How To

How To: Pack A Guitar Like A Pro

When I was 16, my first boss shared an invaluable lesson with me: always go beyond what the customer expects.  That first job of mine was a lowly service role.  I was a pool maintenance guy.  And the only way my company was going to stand out versus all other pool maintenance companies was to go above and beyond the specific tasks laid out in our service level agreement.

So, beyond vacuuming the pool, brushing the tiles, cleaning the filters and making sure the pH and chlorine levels were correct, I would spend an extra 10 minutes to tidy up the surroundings of the pool like brushing the surface area around the pool and arranging the deck furniture.  When I was done, not only was the water clean and inviting, but the entire pool area looked like it was ready to be photographed for the cover of Architectural Digest.

The memory of that first career lesson came back to me earlier this week when I received a guitar that I had purchased from Capital Guitars Online.  The guitar is a blonde 2007 Fender Telecaster GE Smith Signature Model.  It looks great.  It plays great.  And I love it.  But, there was one additional thing that has stuck with me several days later – the way the guitar was packaged.  It was, by far, the best packaging of any guitar I have received in the last decade.  Capital Guitars Online could give a masters class of packaging.  But, rather than relying on CGO to share the do/don’ts of preparing a guitar for shipping, the Fretish blog will provide this tutorial.


Image uploaded from iOS
Exhibit A – Plain Brown Box

Less is more: Keep your package contents a mystery by choosing a box with no obvious text or images which scream “highly valuable musical instrument in here”.  Adopt a blank canvas approach.  Most retailers or online instrument marketplaces tend to slap their logo and an outline of their most popular model on the box, leaving no doubt to potential porch pirates that this is their lucky day.

Image uploaded from iOS (4)
Exhibit B – Short & sweet messaging

Clear, simple labeling: Concise instructions are better than verbose ones.  People will retain a three word message better than a ten word message.  And if you can use intuitive icons instead of words, like an arrow to indicate “this side up”, that’s even better.

Image uploaded from iOS (3)
Exhibit C – Seasonally relevant messaging to prevent instrument damage

Additional instructions with proper explanation: Receiving an instrument from the post man is always an exciting time.  But, to open your package immediately after it arrives during a harsh New England winter could lead to bad outcomes.  To be on the safe side, always label your package between November to March (even longer, depending where you live) with a sticker telling the recipient to wait 24 hours before opening their package.  This sticker above works well because it sets the context (“hey, we’ve shipped this from a very cold environment”), provides the instruction (“wait 24 hours”) and the risk one assumes if they don’t follow your direction (“finish checking”).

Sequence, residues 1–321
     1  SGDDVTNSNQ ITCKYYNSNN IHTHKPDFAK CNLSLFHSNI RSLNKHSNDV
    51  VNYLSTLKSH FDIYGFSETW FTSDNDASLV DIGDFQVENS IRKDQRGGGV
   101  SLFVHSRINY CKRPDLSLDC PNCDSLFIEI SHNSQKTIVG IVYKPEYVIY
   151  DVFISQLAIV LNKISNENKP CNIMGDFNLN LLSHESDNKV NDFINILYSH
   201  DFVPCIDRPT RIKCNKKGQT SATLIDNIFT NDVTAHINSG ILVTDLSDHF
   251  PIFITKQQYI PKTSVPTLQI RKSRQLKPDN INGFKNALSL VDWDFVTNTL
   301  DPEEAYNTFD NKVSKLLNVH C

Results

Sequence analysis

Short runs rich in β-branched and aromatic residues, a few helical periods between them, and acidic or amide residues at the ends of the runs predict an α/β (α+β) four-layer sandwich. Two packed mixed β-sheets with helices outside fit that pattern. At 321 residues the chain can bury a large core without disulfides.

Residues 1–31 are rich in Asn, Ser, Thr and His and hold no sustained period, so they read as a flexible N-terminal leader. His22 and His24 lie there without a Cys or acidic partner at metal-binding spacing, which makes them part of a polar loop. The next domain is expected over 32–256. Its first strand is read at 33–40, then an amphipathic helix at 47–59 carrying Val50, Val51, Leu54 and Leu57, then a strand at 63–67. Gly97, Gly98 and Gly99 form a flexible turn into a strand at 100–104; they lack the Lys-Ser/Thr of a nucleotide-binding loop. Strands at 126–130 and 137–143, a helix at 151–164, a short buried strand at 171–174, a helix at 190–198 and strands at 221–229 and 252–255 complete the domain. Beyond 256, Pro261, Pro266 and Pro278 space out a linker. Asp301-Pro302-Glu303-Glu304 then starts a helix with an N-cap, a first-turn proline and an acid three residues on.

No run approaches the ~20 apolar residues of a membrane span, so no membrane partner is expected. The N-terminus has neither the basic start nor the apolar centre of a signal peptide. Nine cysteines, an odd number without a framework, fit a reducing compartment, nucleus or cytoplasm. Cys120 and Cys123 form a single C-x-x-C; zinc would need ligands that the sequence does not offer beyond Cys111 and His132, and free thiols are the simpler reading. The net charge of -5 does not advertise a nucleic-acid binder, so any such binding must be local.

Interior Packaging Materials

Image uploaded from iOS (2)
Exhibit D – Peanuts, bubble wrap or heavy stock paper

I didn’t properly document this photographically, but here are the steps they appeared to take:

  1. Stack the box vertically (see Exhibit A photograph above)
  2. Line the “bottom” of the box with a layer of bubble wrap
  3. Load guitar case gently into the box, leaving space for shipping peanuts and/or heavy stock wrapping paper on all sides
  4. Add shipping peanuts and/or heavy stock wrapping paper so the instrument has equal protection on all sides.  Also, please consider using biodegradable shipping peanuts.
  5. Top off the box with a layer of bubble wrap

Inside the Guitar Case

Image uploaded from iOS (1)
Exhibit E – More bubble wrap, heavy stock paper and plastic cushions

This is where they went from good to great in my opinion. Bubble wrap on the head stock is becoming a more common packaging practice, particularly with brands that have notoriously weak head stocks (e.g., Gibson).  But, make sure the bubble wrap does not lift the neck above the built-in neck rest of the case.

Image uploaded from iOS (5)
Exhibit F – Head stock bubble wrap

Paper lining, between the strings and the fretboard, is also becoming more common.  But, what made Capital Guitars Online’s approach different was the heavy stock used, the way it was perfectly measured slightly wider than the neck AND the fact that they triple folded it to add an extra bit of “cushion”.

Image uploaded from iOS (6)
Exhibit G – Perfectly measured paper to protect the fretboard

Here is what I have never seen before – one layer of bubble wrap over the top of the guitar and the use of plastic cushions in the corners of the case and just below the strap button.  Was it necessary?  Probably not.  Did it make me think that this box could have withstood a drop from a two story building?  Definitely.  That’s going above and beyond.  Hat tip to Capital Guitars Online.

Image uploaded from iOS (7)
Exhibit H – Top, sides and bottom all taken care of